Part 1: Try to regain some credibility in this debate
1. Make HMRC release the relevant donor data
Whatever the rights & wrongs in the debate, sentiment is inflamed by the fact that the charity sector can’t even size the problem because HMRC won’t release the relevant data. For a gov’t ostensibly committed to transparency and open data, this is a childish own-goal. [Technical note: the proposed cap will hit any donor whose total ‘tax avoidance bill’ comes to 25% of their income or £50k (which you’d get from a 40% tax payer giving about £80k). Since many donors might give over £80k but split between several charities, charities individually won’t know which of their donors are affected, nor how much they give in total, so can’t estimate the amount they stand to lose. HMRC uniquely has these data. Obviously it should release anonymised, aggregate data.]
Hiding data implies that there’s something to hide.
2. Persuade everybody that the gov’t does not equate giving with tax avoidance
We can’t have a sensible discussion about the rights & wrongs of capping the tax-payers’ subsidy to charities and raising tax revenue – which is long overdue – because the government has offended donors by implying that it regards giving as tax avoidance. I don’t know how HMG can do this – I’m not a politician – but I’d suggest it involve Ministers talking about what they give, some strong visual, e.g., a press conference at the Wellcome Trust or at the Foundling Museum.
3. Name the 100 fraudulent charities, or admit that that was bullshit
In an early skirmish on this row, HMG said that it was necessary because ‘some – about 100 – charities don’t do much charitable work’. A bit odd to hit 190,000 charities in pursuit of 100, especially when there’s a regulator in place. HMG then wouldn’t say which 100 it meant.
Either there are some charities about which the gov’t is concerned, in which case say so; or there aren’t, in which case, have the honesty to admit that you didn’t mean it. Just lying outright is hardly helpful in an adult discussion.
4. Get Vodafone to pay its tax
You can’t tax charities whilst letting Vodafone off its tax, and – according to Private Eye – the Chancellor is lobbying the Indian government so that Vodafone doesn’t have to pay tax there either.
Part 2: Try to have a sensible discussion about the role of the state vs. charities & giving
As I’ve said before, the current tax system allocates taxpayers’ money as though there were no scarcity, and on the basis of neither merit nor democracy. It’s rubbish and I don’t defend it. The gov’t’s proposed system doesn’t change the problems of merit or democracy, and doesn’t even really solve the scarcity problem.
Scarcity: the gov’t could announce the total amount of subsidy which it will give charities.
Quality: then it announces some mechanism for ensuring that only charities of decent standard are eligible (use ideas from health).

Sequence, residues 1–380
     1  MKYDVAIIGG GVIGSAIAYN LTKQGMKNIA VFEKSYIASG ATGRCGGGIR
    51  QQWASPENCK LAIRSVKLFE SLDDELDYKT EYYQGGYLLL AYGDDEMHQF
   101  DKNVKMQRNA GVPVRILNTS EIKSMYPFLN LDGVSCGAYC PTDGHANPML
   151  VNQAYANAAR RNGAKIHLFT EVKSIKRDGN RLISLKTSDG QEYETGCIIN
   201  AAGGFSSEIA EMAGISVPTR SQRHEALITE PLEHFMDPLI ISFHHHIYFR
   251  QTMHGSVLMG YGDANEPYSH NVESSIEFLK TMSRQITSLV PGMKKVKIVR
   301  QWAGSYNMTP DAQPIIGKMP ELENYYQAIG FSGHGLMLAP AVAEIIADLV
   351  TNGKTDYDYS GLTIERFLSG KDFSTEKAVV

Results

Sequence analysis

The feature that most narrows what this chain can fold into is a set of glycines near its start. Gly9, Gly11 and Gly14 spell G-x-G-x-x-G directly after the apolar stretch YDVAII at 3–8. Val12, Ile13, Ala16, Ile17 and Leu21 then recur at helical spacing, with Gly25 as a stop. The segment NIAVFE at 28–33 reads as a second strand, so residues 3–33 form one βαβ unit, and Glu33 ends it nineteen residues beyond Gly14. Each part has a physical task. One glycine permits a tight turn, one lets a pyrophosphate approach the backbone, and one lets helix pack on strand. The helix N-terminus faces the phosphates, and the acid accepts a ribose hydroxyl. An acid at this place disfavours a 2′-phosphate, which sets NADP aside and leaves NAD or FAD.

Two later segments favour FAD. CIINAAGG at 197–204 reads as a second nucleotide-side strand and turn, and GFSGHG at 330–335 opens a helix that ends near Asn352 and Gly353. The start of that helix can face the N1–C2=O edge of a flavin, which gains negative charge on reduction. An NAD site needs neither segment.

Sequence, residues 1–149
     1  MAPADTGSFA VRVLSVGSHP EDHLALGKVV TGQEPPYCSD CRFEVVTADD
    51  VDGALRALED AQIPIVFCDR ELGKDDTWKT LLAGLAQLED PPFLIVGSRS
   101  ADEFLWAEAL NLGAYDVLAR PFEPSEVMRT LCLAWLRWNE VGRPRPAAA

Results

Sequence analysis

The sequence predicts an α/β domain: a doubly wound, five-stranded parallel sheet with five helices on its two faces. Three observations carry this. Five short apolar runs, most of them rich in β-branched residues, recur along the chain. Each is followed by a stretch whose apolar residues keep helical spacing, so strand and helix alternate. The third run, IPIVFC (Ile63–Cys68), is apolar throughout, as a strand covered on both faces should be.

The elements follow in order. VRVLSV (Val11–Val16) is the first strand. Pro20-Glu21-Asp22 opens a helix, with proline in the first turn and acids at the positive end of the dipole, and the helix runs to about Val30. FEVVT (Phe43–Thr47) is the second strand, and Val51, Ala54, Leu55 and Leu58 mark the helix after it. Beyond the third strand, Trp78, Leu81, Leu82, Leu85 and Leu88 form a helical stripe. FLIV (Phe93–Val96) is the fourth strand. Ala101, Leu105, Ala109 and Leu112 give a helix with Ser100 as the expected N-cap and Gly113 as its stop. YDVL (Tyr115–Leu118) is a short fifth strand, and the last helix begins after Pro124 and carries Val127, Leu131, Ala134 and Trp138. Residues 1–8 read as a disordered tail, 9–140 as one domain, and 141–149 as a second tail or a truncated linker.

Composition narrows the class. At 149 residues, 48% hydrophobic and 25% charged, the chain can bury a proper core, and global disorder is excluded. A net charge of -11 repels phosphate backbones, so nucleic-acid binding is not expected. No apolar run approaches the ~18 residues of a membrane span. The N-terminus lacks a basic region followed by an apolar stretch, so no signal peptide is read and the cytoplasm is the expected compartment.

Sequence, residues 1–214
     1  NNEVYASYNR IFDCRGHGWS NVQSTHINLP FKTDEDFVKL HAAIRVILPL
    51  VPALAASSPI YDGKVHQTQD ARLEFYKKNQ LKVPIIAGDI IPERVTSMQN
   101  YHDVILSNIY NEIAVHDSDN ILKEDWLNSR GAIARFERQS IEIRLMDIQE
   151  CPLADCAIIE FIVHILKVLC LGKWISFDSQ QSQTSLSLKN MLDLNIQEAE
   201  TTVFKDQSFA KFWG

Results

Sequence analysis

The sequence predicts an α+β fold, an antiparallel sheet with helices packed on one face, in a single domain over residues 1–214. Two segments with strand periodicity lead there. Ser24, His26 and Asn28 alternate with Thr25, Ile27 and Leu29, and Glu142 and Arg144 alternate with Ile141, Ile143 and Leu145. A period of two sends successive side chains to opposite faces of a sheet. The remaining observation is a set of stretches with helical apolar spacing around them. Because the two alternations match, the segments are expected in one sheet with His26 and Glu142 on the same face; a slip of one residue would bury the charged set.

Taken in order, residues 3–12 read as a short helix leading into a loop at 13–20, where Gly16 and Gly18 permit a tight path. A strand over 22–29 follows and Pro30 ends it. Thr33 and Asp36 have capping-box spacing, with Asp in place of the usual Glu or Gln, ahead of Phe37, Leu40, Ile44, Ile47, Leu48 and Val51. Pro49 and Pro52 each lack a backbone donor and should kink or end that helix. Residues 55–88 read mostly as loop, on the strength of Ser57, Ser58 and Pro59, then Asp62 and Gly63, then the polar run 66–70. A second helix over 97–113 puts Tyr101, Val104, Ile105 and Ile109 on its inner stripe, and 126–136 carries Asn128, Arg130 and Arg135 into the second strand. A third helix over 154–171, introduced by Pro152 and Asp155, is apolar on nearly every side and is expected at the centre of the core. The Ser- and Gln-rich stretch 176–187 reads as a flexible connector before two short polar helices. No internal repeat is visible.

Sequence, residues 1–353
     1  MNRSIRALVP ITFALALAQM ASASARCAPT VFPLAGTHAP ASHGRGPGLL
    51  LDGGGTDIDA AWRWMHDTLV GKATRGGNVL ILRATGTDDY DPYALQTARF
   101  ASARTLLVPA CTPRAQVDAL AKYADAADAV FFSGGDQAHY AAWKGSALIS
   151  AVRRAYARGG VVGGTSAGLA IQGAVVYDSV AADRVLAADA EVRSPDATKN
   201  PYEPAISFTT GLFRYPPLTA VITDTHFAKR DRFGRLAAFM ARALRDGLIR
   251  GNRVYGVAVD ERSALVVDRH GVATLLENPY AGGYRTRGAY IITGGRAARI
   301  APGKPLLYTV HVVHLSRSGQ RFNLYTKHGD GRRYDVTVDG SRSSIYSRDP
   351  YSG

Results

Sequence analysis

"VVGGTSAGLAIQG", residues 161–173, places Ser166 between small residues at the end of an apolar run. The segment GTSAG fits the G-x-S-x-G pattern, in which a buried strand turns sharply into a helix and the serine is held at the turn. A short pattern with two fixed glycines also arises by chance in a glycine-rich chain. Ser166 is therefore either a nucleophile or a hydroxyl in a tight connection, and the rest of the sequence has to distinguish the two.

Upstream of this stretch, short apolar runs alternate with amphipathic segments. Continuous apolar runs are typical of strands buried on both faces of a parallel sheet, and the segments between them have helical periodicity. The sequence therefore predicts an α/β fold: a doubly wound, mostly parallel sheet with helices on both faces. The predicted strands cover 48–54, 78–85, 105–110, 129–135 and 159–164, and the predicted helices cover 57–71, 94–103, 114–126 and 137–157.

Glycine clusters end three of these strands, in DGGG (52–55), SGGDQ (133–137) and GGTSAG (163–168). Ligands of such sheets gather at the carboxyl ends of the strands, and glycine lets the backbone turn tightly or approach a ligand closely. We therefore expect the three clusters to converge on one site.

Allocation mechanism: have a public debate about what types of charity should get included (for my money, health but not donkeys).
Part 3: Stem charities’ current losses by offering a compromise of improvement
There is MASSES of money which the government forces charities to waste – about a billion quid from reporting on contracts to bits of the public sector. Since reducing cost has the same effect as increasing revenue, the gov’t could gain a lot of friends by making some significant effort to reduce this haemorraging, which is entirely within its own gift.
And many charitable donors are rubbish: foundations waste ~£400m of charities’ money in their absurd reporting requirements, and even more in their absurd, unilateralist application processes. Most of them provide zero transparency (spending tax-subsidised money entirely in private) and make zero effort to figure out if they’re helping or to share learnings (discussed tangentially in my book).
The government could, potentially, defuse the current row by offering the following as ‘concessions’:
– announce some major drive to chop the waste created by public sector funders
– announce that tax subsidy will only be available to foundations (i.e., permanent, non-operating donors) which are more accountable and transparent. For example, to qualify, donors must (A) have some mechanism for charities to give honest & anonymous feedback, (B) publish estimates of the ‘externalised costs’ of their reporting & application processes & how they’re reducing them (again, discussed in my book), (C) have some stated proportion of their meetings in public and/or a public AGM at which any member of the public can ask the directors to account for their strategy & decisions (a good idea for any charity of scale), and (D) publish annually what they’ve been doing, and useful, machine-readable data on what works & what doesn’t, a bit like Shell Foundation does.